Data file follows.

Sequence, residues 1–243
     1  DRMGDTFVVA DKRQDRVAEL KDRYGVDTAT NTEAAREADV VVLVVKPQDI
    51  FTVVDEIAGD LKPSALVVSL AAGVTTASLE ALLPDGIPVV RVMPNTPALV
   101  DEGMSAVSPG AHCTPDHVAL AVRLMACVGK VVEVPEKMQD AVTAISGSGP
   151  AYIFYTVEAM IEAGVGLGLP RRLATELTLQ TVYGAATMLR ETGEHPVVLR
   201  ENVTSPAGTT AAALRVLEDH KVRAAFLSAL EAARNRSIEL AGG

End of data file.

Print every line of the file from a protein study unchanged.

Sequence, residues 1–243
     1  DRMGDTFVVA DKRQDRVAEL KDRYGVDTAT NTEAAREADV VVLVVKPQDI
    51  FTVVDEIAGD LKPSALVVSL AAGVTTASLE ALLPDGIPVV RVMPNTPALV
   101  DEGMSAVSPG AHCTPDHVAL AVRLMACVGK VVEVPEKMQD AVTAISGSGP
   151  AYIFYTVEAM IEAGVGLGLP RRLATELTLQ TVYGAATMLR ETGEHPVVLR
   201  ENVTSPAGTT AAALRVLEDH KVRAAFLSAL EAARNRSIEL AGG